Recent reports suggest that the NHS is under grave staffing danger, as its ‘haemorrhaging’ nurses with one in 10 leaving the service each year. This appears to be a 20% rise since 2012-13, and there are now more people leaving the NHS than there are joining.
The figures from NHS Digital mean that in the long run, the situation could be getting worse, leaving the health service very vulnerable in its operations and effectiveness moving forward.
This week Lawyer Monthly set out to hear Your Thoughts on the NHS’s staffing future, and below provides expert commentary from several relevant sources on the matter.
David Willett, Corporate Director, The Open University:
At a time of enormous strain for our national health service it’s deeply concerning to see that the number of nurses has fallen, and it’s likely that this will only continue unless further action is taken. With a significant fall in the number of applications to universities for nursing places down 23 per cent since the introduction of student loans and Brexit threatening the supply of workers from overseas, this is an issue that needs to be urgently addressed.
As the biggest contributor to the apprenticeship levy, NHS leaders need to ensure the funding is used effectively. It offers the opportunity to address the shortfall, if they use their levy to fund new nursing degree apprenticeships, which could help to ease the strain by developing new nurses and increasing retention rates. While any new training takes board level commitment to get it up and running successfully, it’s essential we think about the mid and long-term future of the NHS now, before it’s too late.
Professor Kevin Crimmons, Associate Professor of Adult Nursing, Birmingham City University:
These figures, whilst catastrophic for the staff and patients of the NHS, should come as no surprise to the Government.
The environment in which nurses are asked to perform and provide care has become increasingly pressured, and therefore staff are voting with their feet, in many cases to preserve their physical and mental health with heavy hearts.
The Government has also withdrawn the bursary for student nurses, hence we now have a considerable imbalance between nurses joining and leaving the profession.
Without urgent action this will continue to slide, not least because there is also a demographic time bomb.
Therefore, this government is presiding over a haemorrhage of the largest proportion of front line work-force in the NHS without a credible plan.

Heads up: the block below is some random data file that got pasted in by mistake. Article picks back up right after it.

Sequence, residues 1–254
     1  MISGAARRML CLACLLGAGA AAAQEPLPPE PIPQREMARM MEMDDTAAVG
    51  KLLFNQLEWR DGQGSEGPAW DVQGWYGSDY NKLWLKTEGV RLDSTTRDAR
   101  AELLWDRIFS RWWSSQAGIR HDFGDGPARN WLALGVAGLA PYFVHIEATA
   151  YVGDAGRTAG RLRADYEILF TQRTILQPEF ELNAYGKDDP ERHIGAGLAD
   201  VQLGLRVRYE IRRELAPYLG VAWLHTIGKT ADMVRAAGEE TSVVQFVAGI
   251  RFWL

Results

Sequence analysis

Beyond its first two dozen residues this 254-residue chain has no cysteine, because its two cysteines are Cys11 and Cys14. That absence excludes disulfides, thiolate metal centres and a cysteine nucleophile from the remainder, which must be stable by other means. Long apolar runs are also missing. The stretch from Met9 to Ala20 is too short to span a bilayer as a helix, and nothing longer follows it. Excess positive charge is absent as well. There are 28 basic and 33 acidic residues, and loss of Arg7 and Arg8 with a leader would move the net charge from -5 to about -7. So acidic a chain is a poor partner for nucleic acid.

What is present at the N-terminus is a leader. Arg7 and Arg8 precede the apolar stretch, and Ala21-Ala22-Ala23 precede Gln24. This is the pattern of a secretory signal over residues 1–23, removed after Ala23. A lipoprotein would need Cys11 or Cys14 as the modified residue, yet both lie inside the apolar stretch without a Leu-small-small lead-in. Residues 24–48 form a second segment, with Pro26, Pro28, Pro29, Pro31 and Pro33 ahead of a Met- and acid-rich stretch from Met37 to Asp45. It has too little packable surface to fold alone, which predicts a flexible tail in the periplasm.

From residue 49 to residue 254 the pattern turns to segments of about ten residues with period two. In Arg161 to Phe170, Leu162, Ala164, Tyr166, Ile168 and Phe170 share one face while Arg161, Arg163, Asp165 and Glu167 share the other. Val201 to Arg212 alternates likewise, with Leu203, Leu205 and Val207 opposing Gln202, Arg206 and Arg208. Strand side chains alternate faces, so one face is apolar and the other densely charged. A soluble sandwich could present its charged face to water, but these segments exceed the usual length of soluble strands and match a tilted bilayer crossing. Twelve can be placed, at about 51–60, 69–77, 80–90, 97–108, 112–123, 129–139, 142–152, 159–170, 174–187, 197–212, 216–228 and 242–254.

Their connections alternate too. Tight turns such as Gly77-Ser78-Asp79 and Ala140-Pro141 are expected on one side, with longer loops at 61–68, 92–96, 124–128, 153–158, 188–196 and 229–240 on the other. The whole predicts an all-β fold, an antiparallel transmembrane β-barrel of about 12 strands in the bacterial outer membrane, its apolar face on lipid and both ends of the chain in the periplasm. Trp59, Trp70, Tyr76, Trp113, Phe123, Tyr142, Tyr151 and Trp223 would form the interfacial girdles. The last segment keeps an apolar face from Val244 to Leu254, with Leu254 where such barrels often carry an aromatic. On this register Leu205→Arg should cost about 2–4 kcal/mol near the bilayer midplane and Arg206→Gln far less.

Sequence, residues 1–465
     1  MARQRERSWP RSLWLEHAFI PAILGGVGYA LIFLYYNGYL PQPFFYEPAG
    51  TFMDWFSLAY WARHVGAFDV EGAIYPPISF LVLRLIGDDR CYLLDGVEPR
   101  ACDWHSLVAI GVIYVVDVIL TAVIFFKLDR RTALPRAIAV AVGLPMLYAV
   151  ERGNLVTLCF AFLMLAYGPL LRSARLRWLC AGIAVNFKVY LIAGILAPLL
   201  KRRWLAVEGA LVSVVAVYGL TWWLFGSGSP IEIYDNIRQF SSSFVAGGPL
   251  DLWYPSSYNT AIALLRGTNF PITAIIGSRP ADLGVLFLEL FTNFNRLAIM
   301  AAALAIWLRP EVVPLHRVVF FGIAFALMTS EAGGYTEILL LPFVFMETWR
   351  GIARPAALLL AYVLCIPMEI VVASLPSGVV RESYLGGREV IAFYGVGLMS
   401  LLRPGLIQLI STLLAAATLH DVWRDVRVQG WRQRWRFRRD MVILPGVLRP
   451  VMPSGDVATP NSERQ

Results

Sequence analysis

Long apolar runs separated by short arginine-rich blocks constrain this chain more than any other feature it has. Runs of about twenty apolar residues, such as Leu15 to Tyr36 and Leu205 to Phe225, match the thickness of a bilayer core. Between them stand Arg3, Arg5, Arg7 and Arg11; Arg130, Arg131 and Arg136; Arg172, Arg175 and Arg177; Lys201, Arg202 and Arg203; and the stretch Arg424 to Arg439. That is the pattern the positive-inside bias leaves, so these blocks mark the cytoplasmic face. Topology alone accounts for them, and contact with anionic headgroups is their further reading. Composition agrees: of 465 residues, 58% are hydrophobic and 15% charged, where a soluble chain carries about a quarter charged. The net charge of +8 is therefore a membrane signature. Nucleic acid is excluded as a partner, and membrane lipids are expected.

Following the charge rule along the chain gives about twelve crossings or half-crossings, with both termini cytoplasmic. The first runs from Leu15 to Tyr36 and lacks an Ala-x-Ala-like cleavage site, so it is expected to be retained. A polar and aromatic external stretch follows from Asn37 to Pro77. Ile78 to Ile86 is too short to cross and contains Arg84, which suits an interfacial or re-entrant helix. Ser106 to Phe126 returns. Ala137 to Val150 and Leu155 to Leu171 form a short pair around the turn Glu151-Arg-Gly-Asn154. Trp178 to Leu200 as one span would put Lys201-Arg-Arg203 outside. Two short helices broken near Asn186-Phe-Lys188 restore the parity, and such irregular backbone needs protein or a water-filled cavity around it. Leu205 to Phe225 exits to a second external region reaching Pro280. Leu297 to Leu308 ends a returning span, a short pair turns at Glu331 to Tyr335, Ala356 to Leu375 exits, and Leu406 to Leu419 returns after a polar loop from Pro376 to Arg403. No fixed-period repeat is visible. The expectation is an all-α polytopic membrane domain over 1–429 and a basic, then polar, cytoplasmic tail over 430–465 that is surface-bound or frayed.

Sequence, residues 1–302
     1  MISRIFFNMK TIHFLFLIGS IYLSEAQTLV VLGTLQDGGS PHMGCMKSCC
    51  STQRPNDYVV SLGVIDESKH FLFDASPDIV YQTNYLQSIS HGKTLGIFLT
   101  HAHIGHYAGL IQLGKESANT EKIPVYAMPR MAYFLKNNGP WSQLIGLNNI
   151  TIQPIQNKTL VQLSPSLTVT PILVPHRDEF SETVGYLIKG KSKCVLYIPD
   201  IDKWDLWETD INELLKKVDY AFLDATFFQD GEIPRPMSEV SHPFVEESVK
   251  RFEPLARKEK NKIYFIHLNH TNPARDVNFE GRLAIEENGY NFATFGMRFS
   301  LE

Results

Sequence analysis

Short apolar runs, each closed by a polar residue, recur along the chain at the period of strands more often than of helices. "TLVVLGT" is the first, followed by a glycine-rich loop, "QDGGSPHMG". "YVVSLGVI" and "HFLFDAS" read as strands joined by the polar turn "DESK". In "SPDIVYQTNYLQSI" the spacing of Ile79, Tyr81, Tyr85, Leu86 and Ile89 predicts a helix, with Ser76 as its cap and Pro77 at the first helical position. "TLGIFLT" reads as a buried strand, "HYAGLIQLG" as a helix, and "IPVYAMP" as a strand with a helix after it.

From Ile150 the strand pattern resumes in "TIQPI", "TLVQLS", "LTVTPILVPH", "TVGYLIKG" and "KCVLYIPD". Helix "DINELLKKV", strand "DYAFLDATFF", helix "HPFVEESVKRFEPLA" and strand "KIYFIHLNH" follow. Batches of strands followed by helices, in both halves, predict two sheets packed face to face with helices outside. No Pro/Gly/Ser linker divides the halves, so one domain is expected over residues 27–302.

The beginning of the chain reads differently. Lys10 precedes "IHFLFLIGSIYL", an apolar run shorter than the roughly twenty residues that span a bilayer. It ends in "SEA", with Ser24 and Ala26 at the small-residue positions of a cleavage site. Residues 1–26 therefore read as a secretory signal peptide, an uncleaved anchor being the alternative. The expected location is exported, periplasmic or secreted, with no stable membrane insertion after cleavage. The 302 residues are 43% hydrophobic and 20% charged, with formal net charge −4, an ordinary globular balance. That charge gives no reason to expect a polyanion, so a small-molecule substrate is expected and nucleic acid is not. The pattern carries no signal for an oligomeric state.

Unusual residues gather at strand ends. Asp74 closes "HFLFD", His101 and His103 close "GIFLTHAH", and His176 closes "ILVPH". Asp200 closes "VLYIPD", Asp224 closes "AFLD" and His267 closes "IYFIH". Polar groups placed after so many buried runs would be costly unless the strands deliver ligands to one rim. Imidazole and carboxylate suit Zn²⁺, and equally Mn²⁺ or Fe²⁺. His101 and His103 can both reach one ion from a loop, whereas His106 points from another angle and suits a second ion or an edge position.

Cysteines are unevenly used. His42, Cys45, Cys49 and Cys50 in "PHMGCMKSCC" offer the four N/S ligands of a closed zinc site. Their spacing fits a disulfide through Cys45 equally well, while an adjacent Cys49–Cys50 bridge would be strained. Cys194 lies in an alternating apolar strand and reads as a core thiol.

Debbie Moore, Nurse Analyst Supervisor, Fletchers Solicitors:
The news that 33,000 nurses are leaving the NHS each year will come as no surprise to anyone who has worked in the NHS.
The amount of pressure that is being placed on nurses is phenomenal. As well as providing care to patients, despite resources being stretched, nurses are also expected to complete mountains of paper work. While this paper work is necessary, it reduces valuable time with patients. Nursing is a vocation, not a job you do just to get paid. All nurses want to do is nurse, yet the amount of time they have to do this is severely limited.
During my time in the NHS, there were various occasions where I sacrificed days off, working long periods with no breaks to ensure patient care was not compromised. I started nursing in 1979 and, although it was much more regimental in routine back then, care was of a much higher standard. I had great job satisfaction and felt I made a difference – but that was in the 80s.
Over recent years I have increasingly heard nurses say “I never have time to talk to patients anymore. This is so true of nursing today. The only way this will ever improve is if more nurses are employed, therefore reducing pressure on resources, lowering sickness levels and increasing job satisfaction.
There used to be a stigma associated with working in the private sector, but as we can see with thousands of nurses changing their career paths, that has long since gone. The private sector currently appears to be offering a brighter future with better job prospects and benefits like a good work-life balance.
Unless the NHS can compete with this, we are likely to see many more nurses leaving the NHS, putting unimaginable amounts of strain on already drained resources.
We would also love to hear Your Thoughts on this, so feel free to comment below and tell us what you think!